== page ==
US Gives Russia 60 Days to Comply With Nuclear Treaty

December 4, 2018 Updated: December 5, 2018

Secretary of State Mike Pompeo gave Russia a 60-day deadline on Dec. 4, to come into compliance with the Intermediate-Range Nuclear Forces (INF) Treaty.

If Russia fails to take action and destroy the SSC-8 missiles and launchers, which the U.S. says are in violation of the landmark 1987 arms pact, Washington will initiate the formal process to withdraw from the treaty, according to Pompeo.

“Our nations have a choice. We either bury our head in the sand or we take common-sense action in response to Russia’s flagrant disregard for the express terms of the INF Treaty,” Pompeo said Dec. 4, at a press conference during the NATO Foreign Ministers meeting in Belgium.

By signing the treaty, the United States and Russia agreed to ban the use, testing, and possession of short- and mid-range ballistic missiles. The United States holds that Russia has violated the treaty since the mid-2000s by testing the SSC-8 missile system.

President Donald Trump announced on Oct. 20, that the United States will pull out of the treaty, but no formal notice has been served. The withdrawal will be effective six months after an official notice is served.

The United States remains in compliance with the treaty, according to the Department of State. The United States informed Russia of its violation on at least 30 occasions since 2013.

“Russia’s reply has been consistent: deny any wrongdoing, demand more information, and issue baseless counter-accusations,” Pompeo said.

Moscow refused to acknowledge the existence of the missile system for four years. In 2017, after the United States released the name of the missile system, Russia admitted to its existence but said it was in compliance with the treaty.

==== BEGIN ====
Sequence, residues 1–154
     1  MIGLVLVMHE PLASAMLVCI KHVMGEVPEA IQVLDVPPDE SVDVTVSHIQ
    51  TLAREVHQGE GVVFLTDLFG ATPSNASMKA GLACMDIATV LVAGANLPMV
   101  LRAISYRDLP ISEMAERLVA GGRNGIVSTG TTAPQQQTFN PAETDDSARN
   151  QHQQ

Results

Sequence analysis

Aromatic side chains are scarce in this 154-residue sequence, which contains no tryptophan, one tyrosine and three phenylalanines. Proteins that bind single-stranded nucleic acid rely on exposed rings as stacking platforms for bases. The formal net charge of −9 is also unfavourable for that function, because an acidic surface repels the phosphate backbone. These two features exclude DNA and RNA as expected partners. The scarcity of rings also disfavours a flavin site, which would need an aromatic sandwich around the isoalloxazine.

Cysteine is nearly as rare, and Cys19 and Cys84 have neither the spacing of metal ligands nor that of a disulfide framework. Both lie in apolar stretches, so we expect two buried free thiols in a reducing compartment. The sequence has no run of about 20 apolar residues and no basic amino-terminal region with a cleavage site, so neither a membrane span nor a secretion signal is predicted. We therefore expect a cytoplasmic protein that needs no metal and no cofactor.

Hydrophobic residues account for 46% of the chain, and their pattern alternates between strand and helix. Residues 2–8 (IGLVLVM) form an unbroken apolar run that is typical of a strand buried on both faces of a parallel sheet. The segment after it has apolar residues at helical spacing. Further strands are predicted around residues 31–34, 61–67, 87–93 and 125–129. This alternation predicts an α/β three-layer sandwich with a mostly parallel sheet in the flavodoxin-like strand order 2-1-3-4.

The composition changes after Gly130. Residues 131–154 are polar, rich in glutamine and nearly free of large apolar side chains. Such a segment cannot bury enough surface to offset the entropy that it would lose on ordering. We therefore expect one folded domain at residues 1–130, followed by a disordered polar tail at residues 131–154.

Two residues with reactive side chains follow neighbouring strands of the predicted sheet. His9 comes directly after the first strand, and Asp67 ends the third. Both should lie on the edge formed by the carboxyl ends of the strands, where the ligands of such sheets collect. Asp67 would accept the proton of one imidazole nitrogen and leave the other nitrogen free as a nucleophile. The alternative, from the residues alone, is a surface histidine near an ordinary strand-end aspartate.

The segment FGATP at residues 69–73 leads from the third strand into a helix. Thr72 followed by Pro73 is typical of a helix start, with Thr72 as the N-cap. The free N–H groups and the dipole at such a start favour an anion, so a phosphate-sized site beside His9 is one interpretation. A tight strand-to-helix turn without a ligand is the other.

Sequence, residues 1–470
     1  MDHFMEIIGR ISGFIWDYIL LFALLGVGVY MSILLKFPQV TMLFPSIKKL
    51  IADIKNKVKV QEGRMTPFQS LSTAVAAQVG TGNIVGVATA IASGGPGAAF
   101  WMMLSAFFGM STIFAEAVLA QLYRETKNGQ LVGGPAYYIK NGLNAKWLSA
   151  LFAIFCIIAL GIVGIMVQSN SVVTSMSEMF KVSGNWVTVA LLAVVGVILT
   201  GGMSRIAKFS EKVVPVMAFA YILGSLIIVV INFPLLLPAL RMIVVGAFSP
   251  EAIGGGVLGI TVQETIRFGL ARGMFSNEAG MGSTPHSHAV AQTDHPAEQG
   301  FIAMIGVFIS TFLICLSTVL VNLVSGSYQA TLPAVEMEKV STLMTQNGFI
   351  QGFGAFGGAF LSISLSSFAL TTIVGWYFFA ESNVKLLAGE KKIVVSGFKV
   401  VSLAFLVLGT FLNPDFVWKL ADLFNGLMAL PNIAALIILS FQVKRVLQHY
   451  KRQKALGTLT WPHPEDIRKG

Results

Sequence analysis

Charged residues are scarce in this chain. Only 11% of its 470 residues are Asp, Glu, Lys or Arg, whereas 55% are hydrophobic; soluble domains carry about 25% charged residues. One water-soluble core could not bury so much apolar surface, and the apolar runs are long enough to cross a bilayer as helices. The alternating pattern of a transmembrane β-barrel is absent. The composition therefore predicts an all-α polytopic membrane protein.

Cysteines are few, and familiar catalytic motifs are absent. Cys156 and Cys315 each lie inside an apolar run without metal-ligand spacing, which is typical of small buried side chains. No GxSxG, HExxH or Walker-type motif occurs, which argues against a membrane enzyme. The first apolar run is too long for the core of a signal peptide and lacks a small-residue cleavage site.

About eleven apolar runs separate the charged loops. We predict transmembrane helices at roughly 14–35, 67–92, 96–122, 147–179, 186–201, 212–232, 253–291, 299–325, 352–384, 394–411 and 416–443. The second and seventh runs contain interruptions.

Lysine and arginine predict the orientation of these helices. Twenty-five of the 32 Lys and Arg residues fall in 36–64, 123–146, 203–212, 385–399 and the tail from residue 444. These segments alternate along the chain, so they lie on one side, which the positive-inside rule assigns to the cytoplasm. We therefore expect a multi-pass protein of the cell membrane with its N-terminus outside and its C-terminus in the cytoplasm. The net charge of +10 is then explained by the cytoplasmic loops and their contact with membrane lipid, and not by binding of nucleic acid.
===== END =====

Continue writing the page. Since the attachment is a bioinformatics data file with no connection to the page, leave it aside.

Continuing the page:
Top U.S. officials view Russia’s non-compliance with the INF Treaty as part of Moscow’s broader campaign of malign activity around the globe, including in Georgia, Ukraine, and Syria.

The INF Treaty is only binding on Russia and the United States, while leaving out countries like China, Iran, and North Korea.

China, in particular, has developed a formidable arsenal of short- and mid-range missiles which the United States cannot deploy under the treaty. One-third to one-half of China’s ballistic missile arsenal would violate the INF if Beijing was bound by the treaty, according to a U.S. assessment. American officials attempted to bring China into the treaty on three occasions, failing each time.

Pompeo noted that the decision was motivated in part by Trump’s agenda to not support international agreements which “undermine our security, our interests, or our values.” The top U.S. diplomat added that the action will show the world that the U.S. is upholding the law and will hold its treaty partners accountable for violations.

“If we do not, we will get cheated by other nations, expose Americans to greater risk, and squander our credibility,” Pompeo said.

NATO foreign ministers agreed to formally declare Russia in “material breach” of the INF Treaty in a statement of support for the United States, after Pompeo briefed them at the alliance headquarters in Brussels on Russian violations.

U.S. allies lobbied Pompeo to provide the 60-day window, hoping that a diplomatic solution can be secured during that time. NATO Secretary-General Jens Stoltenberg told reporters that European nations will engage in an intense diplomatic push to bring Russia into compliance.

“Russia has a last chance to show in a verifiable way that they comply with the treaty … but we also have to start to prepare for the fact that this treaty may break down,” Stoltenberg said.

Pompeo said that Russia deployed the SSC-8 missile battalions specifically to threaten NATO and its assets in Europe.

“Its range makes it a direct menace to Europe,” Pompeo said of the SSC-8, adding that only Russia can save the treaty from demise.